By Rosa Conrad

I live in a community rich in culture. At the farmer’s market, you can hear different languages being spoken and smell distinct aromas from the variety of vendors selling their wares. As you make your way around the vendors, you see the different cultures.  The food vendors selling their wares, tourists, shoppers all from different walks of life and different countries.


Many people living in this area come from Mexico, Oaxaca, Costa Rica, Guatemala, Samoa, Philippines, Thailand, Japan, China, and many other countries. To add to this plethora of culture, I see tourists coming to enjoy the evening at the Sunset Market adding their own language into the mix. I have heard French, German, Italian, and a host of other languages. This community is rich in culture, and it would seem that it also attracts foreign tourists to come out to our neck of the woods or in this case, the beach.

I have neighbors, friends, colleagues, co-workers, and people I encounter during my daily happenings with families originally from some of the countries I mentioned. Living in a bordering state, I experience a mixture of attitudes toward people who do not reflect the “American” ideal. I am a woman of color whose parents were originally from Mexico. I am labeled as Latina, Hispanic, Chicana, Mexican, and Pocha. They are labels that identify women with origins from anywhere south of the U.S. border; particularly the bordering states of California, Arizona, New Mexico and Texas.

I hear these labels and I feel that they have created invisible borders, borders that divide people. We are set apart from each other, increasing a gap that has been intentionally placed and creating a divide that seeps into our blood. These labels point out the differences in each other instead of the commonalities of our humanity. Some may ignore them or not see that we are more alike than different. Yet when a woman like me walks down the street, people don’t see me. They see what they have been taught to see, a person of color, different from their own. Some may look at my gender, race, age, class, or language and may feel that I am different from them. All these things hold the invisible borders that have been put in place.  But who am I? No one will know until they talk to me, and listen to my thoughts and ideas. Am I intelligent? Do I speak the same language as they do? Do I have similarities or differences? Does it matter? Would any of these labels applied, really describe who I am or are they used to assess my worth to them?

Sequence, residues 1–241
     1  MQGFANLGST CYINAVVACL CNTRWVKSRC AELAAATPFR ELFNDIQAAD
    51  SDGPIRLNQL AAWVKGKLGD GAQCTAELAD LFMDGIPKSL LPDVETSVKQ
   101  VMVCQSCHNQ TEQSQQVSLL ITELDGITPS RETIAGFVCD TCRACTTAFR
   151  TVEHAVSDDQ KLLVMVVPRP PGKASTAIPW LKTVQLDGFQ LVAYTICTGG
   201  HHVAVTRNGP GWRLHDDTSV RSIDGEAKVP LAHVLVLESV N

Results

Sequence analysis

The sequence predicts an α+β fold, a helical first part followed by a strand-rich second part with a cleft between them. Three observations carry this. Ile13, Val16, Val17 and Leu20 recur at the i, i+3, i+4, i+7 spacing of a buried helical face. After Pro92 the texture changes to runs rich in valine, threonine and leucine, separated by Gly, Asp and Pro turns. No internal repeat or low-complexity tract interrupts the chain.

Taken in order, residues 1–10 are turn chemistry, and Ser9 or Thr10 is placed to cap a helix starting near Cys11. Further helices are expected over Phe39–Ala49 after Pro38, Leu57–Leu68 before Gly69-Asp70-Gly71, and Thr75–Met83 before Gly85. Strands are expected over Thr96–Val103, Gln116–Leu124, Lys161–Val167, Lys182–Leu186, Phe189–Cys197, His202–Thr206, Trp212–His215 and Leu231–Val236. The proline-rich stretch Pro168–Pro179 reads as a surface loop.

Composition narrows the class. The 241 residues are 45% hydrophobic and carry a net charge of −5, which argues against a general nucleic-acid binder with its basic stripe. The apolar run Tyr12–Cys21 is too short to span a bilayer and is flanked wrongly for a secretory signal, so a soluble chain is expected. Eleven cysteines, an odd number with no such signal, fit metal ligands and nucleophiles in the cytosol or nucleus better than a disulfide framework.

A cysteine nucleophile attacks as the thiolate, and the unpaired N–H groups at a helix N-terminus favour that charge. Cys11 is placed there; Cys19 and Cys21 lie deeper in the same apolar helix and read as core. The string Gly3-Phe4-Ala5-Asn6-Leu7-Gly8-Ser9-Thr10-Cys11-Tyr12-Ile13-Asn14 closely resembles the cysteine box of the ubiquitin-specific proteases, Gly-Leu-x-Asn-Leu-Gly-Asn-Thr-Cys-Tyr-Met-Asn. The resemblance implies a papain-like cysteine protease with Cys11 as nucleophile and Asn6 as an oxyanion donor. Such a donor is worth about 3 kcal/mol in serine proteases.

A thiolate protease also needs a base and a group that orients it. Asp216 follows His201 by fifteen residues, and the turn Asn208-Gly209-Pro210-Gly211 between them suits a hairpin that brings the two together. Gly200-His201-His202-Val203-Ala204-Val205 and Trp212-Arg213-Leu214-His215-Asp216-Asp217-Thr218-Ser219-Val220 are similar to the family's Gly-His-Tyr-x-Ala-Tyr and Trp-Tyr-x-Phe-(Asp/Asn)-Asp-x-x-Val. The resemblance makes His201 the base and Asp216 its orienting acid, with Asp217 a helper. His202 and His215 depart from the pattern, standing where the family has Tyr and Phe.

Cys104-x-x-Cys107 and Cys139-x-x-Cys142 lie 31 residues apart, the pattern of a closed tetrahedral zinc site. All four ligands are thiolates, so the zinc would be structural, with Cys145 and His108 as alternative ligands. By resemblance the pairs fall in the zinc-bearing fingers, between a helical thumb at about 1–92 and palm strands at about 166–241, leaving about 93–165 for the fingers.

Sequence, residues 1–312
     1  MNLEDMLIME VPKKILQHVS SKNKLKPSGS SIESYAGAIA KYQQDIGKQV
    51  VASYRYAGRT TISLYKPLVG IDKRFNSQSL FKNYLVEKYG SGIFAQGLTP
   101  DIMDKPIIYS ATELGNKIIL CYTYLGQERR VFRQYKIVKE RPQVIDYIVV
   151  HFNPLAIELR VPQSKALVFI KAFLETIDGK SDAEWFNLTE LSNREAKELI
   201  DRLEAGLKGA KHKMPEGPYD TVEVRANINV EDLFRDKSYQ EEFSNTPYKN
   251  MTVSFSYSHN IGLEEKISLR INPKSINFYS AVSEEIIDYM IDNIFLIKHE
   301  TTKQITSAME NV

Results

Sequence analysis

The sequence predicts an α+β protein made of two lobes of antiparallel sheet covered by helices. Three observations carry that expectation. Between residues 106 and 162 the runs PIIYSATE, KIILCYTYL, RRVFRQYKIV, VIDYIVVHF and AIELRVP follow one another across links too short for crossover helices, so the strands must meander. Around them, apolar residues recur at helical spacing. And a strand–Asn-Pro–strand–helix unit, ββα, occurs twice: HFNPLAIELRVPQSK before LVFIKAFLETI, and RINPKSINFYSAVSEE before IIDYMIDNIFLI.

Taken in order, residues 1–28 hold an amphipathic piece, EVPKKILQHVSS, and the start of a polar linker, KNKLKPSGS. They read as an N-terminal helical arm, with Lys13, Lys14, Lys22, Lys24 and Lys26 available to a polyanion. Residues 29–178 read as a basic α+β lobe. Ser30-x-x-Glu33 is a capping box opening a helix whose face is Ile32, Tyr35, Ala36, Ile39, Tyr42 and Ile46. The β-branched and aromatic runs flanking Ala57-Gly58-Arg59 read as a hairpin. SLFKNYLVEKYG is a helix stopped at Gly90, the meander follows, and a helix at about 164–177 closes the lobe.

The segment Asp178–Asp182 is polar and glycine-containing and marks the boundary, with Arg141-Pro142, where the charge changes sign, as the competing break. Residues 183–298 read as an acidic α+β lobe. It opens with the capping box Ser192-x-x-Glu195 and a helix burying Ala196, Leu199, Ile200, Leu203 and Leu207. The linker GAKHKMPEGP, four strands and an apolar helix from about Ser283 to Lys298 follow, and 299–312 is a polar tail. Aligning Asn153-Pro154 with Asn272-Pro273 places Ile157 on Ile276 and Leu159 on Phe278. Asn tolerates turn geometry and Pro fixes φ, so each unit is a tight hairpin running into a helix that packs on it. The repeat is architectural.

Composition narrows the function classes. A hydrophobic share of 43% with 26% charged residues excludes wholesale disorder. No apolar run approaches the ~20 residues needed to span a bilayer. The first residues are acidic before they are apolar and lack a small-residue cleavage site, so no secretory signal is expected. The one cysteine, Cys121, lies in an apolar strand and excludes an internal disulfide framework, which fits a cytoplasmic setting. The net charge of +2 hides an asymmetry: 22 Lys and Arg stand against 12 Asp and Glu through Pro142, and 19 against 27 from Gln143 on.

The truth is that it shouldn’t matter but wherever I go, the image on the outside will be the first thing they see. I may be approached or I may be shunned for it. Few may allow themselves to get to know me. Am I losing out on this or are they? Aren’t we both? Acceptance is not easy and we can’t deny that these differences impact our everyday lives. We are influenced by them and make decisions on these ideas. We cross streets because the person walking toward is not like us. Some might even feel threatened. Others may feel that a person who is different from them won’t or cannot relate to them.

HelloWe have rich cultures in this bordering state. I live in a city where you can experience unique cultures, taste a variety of delicious foods, and hear different language being spoken on a different street corner. In spite of all these wonderful opportunities to learn about the many groups of people from around the world, many reject them. Society continues to divide us by pointing out the differences in each culture. For so long now, it has given people who look different a reason to deny another’s culture because it is not like theirs. It continues to create labels that build borders and in this process, it denies the richness of our unique cultures. Instead we should embrace one another’s cultures, learn from them and we must remember that we share some commonalities and that is what should influence us so that we can respect the differences.  And more importantly these labels need to be dropped and we need to see each other as people of one race: the human race. Perhaps then we will no longer have these invisible borders. Borderlands. 

Border U.S. Mexico